How to Catch a Leopard Lizard

The blunt-nosed leopard lizard is the poster child for the San Joaquin desert grassland habitat. This fast running lizard that can leap more than 23 inches to escape predators and catch prey!

A small lizard sits on a man's fingers.
Listed as an Endangered Species by the U.S. Fish and Wildlife Service and Fully Protected status from the State of California, the blunt-nosed leopard lizard is one of the many species that BLM biologists and ecologists are actively working to put on the path to recovery. Photo by Michael Westphal, BLM.

As an Endangered Species, scientists are actively working to put the blunt-nosed leopard lizard on the path to recovery. The timing the 2012-2014 drought facilitated a study by the BLM, University of California, the California Department of Fish and Wildlife, and The Nature Conservancy to assess the potential effects of climate change on blunt-nosed leopard lizard. This multi-year drought in southwestern North America was considered the most severe in the past 1200 years, on the endangered blunt-nosed leopard lizard of the San Joaquin Desert of California. 

A pregnant female leopard lizards with bright colorful markings along its side sits on the ground in dry brushy habitat.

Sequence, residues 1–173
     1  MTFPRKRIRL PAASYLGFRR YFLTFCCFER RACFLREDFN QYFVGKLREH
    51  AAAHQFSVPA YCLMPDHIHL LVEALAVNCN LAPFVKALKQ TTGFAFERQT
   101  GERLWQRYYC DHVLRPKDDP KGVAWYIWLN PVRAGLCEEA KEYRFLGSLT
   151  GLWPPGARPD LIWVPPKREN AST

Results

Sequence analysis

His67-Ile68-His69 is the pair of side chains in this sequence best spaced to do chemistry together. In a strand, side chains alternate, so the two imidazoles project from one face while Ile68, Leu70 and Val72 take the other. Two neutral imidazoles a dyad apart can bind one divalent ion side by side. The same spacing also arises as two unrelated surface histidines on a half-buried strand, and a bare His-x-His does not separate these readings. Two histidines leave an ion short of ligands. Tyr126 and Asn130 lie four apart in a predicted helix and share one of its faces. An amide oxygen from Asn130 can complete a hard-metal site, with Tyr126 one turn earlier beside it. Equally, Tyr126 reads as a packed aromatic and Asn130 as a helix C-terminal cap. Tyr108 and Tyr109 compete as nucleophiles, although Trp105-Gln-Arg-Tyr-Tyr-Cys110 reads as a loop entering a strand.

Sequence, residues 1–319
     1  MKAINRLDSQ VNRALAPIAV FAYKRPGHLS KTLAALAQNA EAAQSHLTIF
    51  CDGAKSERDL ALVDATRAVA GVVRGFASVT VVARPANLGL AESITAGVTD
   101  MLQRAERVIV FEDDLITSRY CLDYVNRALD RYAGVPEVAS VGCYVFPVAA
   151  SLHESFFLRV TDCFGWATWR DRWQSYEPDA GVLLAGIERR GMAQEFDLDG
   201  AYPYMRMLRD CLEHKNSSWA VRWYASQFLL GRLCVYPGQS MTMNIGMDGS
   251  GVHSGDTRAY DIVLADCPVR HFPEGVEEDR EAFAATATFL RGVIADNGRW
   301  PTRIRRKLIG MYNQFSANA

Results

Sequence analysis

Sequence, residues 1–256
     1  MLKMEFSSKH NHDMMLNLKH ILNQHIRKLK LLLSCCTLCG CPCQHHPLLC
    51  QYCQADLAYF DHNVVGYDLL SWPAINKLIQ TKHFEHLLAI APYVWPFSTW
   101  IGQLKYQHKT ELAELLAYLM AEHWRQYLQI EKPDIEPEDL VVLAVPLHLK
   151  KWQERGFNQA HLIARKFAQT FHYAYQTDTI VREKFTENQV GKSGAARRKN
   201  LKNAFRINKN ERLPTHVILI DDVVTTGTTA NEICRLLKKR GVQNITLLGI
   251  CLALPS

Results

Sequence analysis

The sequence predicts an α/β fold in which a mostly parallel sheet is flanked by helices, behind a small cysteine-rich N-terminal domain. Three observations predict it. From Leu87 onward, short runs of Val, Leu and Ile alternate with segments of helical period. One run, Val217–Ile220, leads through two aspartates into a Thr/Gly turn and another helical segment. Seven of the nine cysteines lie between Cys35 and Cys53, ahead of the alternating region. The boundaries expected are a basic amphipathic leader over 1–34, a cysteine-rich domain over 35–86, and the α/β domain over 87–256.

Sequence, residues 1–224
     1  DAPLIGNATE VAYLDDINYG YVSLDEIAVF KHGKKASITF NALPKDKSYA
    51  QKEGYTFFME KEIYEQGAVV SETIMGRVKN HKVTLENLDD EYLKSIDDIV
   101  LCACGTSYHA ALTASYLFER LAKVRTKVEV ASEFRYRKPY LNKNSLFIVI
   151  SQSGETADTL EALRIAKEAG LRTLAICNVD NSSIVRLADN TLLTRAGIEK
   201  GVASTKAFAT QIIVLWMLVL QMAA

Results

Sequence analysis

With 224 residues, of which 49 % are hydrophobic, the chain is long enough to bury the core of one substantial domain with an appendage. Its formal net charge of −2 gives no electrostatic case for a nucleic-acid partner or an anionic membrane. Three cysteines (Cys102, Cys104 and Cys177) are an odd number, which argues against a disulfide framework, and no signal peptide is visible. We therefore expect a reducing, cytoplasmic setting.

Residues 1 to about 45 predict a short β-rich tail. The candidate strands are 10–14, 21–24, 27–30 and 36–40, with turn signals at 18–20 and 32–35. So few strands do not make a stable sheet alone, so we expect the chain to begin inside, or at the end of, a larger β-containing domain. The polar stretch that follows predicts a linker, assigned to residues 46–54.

A pregnant female leopard lizard. Photo by Mike Westphal, BLM. 
A young lizard with unique markings rests on the hand of a man.
Bureau of Land Management staff, in collaboration with multiple partners, has been collecting data on juvenile blunt-nosed leopard lizards in order to promote the recovery of the species. Photo by Michael Westphal, BLM.

The geographic specificity of the study aided scientists to identify key climate refugia for the lizard. The study provided a unique glimpse into the potential effects of future droughts expected in California as a result of climate change. The results are anticipated to guide ongoing conservation efforts and avoid species extinction in the San Joaquin Desert region of California. More importantly, the success of the study should provide encouragement to other researchers to take full advantage of extreme weather events such as historic droughts to learn about the future potential effects of climate change.

Mike Westphal, Ecologist

Blog Topic: